Neosho Mayor Richard Davidson wants to make one thing clear: the city council isn't against economic development.

Neosho Mayor Richard Davidson wants to make one thing clear: the city council isn't against economic development.

However, the mayor told about 30 people gathered for a town hall-style meeting Tuesday at the Neosho Municipal Golf Course, the city wants economic development to be done according to the law. Therefore, he said, the city was right in its pursuit of an appeal to the court ruling concerning the transportation development district.

Last November, Newton County Division III Associate Circuit Judge Kevin Selby ruled the city waited too long to challenge the formation of the district. This ruling allowed the collection of a half-cent sales tax by businesses in the district to partially fund $6.9 million in transportation projects. The Missouri Department of Transportation will fund $2.4 million, with the TDD picking up the rest of the tab with proceeds from the sales tax.

However, Davidson said, the appeal was filed less than six months into the formation of the district, before any projects had begun.

The city is contesting the district under a subsection of a state law under which the district was founded. Under the subsection, only residents who live within the TDD boundaries can vote to form a district. The mayor stressed there are no residents in the district, therefore, the ballot forming the district was invalid.

The city contends when a MoDOT rep cast a ballot in an officer election a few years ago, it did so wrongly, as only residents of the district can vote. It was during research into why MoDOT cannot vote that attorneys discovered the TDD had been filed under a subsection of the law that allowed residents of the proposed district to vote on the issue and not property owners.

"We think it's wrong to impose a tax if you are not authorized to impose that tax," Davidson said. "The argument of the TDD was you waited too long to bring this up. It was brought up five to six months into a 20-year TDD plan.

"We're not saying that we don't like the TDD, but good things need to be done right and don't tell me five months into a 20-year TDD is waiting too long. No projects had been started. We can only do what the legislature says. This is not about not liking them. It's about doing what the law says."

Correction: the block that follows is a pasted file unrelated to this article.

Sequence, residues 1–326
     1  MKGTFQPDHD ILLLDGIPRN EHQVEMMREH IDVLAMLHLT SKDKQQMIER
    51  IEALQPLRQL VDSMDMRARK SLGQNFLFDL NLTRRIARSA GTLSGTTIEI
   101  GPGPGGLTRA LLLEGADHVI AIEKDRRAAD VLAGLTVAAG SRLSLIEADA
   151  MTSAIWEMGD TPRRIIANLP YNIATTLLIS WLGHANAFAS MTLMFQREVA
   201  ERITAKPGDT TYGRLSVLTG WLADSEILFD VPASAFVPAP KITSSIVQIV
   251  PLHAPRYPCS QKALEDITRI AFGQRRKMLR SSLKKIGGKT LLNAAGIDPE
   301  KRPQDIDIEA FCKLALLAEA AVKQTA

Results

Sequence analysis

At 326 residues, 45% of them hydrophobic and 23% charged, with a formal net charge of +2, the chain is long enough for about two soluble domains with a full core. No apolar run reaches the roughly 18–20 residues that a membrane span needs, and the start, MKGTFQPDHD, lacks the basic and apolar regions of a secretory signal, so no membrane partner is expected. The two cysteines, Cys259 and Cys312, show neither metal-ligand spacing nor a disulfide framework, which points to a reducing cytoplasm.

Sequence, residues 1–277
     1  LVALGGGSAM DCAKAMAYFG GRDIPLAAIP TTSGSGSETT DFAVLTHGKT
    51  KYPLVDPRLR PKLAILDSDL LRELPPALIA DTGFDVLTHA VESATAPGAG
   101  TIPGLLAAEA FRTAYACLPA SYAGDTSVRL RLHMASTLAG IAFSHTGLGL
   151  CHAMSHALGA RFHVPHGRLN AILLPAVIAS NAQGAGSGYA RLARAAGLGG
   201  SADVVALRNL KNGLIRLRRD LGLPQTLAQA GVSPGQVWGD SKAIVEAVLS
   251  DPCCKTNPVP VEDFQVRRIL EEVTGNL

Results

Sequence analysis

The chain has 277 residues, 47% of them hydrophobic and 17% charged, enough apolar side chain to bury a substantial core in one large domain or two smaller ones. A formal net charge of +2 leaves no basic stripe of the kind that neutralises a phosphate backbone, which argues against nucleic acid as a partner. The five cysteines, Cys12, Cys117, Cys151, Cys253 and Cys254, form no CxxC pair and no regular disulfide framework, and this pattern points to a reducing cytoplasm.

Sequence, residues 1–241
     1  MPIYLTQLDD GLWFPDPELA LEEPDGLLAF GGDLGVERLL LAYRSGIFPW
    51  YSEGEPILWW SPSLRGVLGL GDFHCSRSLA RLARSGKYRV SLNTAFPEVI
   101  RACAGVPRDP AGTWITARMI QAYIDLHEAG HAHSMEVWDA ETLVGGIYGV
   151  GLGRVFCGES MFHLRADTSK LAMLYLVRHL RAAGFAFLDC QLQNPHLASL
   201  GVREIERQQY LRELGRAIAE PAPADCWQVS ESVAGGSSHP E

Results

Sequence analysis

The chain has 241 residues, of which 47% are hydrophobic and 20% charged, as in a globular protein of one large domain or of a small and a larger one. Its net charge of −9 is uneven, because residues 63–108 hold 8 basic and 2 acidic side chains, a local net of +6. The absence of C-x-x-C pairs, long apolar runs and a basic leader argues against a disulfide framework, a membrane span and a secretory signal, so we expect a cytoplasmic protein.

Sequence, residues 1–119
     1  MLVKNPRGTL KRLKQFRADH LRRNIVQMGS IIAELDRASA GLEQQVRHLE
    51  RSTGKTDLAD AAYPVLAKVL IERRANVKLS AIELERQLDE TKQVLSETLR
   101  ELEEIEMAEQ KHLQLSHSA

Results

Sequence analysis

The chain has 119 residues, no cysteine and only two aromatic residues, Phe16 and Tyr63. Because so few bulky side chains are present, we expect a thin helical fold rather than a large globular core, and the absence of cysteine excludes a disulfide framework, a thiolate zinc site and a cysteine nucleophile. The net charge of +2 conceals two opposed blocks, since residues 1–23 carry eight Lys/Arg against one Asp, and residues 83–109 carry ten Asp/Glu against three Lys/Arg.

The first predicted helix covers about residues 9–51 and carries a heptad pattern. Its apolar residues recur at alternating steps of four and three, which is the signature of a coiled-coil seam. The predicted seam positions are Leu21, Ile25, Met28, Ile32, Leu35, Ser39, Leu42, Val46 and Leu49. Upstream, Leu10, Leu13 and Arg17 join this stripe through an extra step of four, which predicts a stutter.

The appeal hasn't garnered the support of the entire council, as mayor pro tem Steve Hart has repeatedly publicly questioned the appeal, stating that he had not had the opportunity to vote one way or another on the appeal, and that as a councilman he had not had any say in authorizing the amount of spending going toward the appeal. This led to another council member's asking Hart if he had ever heard of consensus.

As is common with legal issues, the city's legal battle with the TDD has been regularly handled in closed session. Whether or not there was an initial vote or consensus decision to move forward with an appeal is not apparent, as closed session discussions regarding the TDD have not been made public yet.

Since March, Hart said, the city's legal fees have totaled $68,538.

But, Davidson told those at Tuesday's town hall meeting, you cannot place a value on doing what's right.

"I'm not going to let $10,000, $15,000, $50,000 or $75,000 stand between me and right and wrong," the mayor said. "Right and wrong does not have a value!"

In August, Hart moved that the appeal be dropped. The issue failed by a vote of 2-3, with Hart and council member and former mayor David Ruth casting to quit the legal issue.

The first of the TDD projects, a traffic light at Kodiak Road and Highway 60, was completed this year, however the rest of the projects have been put on hold pending the outcome of the legal battle between the city and the TDD.